Anna Záborská (PPE). – (SK) Madam President, I welcome the resolution, and I have therefore supported it. It is not enough, however, to adopt a resolution.
Last week in Egypt, four thousand Muslims attacked a Coptic village not far from Cairo. They burned two churches and prevented fire-fighters from entering the village. The army did not want to interfere at first. When they did finally intervene, Muslim representatives sent them away, saying that everything was in order. The 12 000 Christians living in the village were placed under a curfew.
There was a time when Europe knew who was good, who was bad and why. Thanks to the support of those good people, leaders such as Havel, Walesa and Čarnogurský were prepared for the fall of communism. Today, however, EU politicians are shaking hands with dictators and turning a blind eye to the persecution of Christians. They do not think in terms of good and evil, because pragmatism does not recognise such categories. Until this changes, we may do more harm than good to North Africa.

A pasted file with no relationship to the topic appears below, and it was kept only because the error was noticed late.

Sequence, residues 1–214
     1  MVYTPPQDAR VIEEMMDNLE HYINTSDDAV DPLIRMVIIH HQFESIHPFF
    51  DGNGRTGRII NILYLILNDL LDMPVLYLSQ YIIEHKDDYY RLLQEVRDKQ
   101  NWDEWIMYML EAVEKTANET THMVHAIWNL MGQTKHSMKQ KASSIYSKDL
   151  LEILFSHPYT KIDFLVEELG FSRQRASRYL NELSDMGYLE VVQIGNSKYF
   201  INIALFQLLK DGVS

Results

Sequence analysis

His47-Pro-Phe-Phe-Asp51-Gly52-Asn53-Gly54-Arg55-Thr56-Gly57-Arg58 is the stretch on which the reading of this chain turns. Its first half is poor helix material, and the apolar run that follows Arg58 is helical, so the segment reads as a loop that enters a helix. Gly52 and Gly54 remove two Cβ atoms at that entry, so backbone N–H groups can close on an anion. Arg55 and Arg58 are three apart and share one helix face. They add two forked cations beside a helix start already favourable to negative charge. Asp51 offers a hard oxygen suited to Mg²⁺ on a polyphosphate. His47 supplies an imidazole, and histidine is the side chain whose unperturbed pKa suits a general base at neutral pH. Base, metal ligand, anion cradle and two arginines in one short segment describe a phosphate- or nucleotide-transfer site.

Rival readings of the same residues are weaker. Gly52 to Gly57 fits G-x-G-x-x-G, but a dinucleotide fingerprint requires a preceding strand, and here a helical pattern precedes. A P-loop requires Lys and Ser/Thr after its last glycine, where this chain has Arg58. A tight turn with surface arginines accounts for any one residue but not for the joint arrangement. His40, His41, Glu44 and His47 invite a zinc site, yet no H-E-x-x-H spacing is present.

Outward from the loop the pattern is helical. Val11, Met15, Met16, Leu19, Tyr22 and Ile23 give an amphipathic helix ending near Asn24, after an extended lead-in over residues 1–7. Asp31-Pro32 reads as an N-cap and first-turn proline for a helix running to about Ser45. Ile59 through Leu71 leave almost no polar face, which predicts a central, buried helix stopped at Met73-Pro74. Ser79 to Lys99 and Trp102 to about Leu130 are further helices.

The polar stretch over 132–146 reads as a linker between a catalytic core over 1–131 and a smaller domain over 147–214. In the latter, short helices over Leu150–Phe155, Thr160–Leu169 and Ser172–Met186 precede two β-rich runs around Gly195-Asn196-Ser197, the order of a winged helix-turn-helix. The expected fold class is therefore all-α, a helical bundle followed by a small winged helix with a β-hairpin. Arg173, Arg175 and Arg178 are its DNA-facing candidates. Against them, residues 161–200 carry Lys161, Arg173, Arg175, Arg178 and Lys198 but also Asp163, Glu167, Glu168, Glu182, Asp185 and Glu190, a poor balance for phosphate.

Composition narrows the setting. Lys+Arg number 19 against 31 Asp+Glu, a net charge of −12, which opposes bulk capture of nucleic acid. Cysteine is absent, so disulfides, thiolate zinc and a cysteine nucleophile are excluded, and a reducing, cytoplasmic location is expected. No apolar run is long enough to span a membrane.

Pino Arlacchi (S&D). – Madam President, I voted in favour of this report because it clearly distinguishes between the two main dossiers on Iran: human rights abuses by the current government and the Iranian nuclear programme.
The report supports the Council’s double-track approach to the nuclear issue: sanctions on the one hand, but an offer of dialogue on the other.
It is indispensable to denounce the extremely serious human rights violations occurring in Iran today. The perpetrators, who belong mainly to state institutions, are acting with impunity.
At the same time, we should avoid irresponsible calls for an international armed intervention against the current tyranny. An armed attack against Iran in the name of human rights would be considered by all Iranians, regardless of their political positions, as an attack against the country and an additional violation of their fundamental rights.
The only winner in such an eventuality would be Mr Ahmadinejad.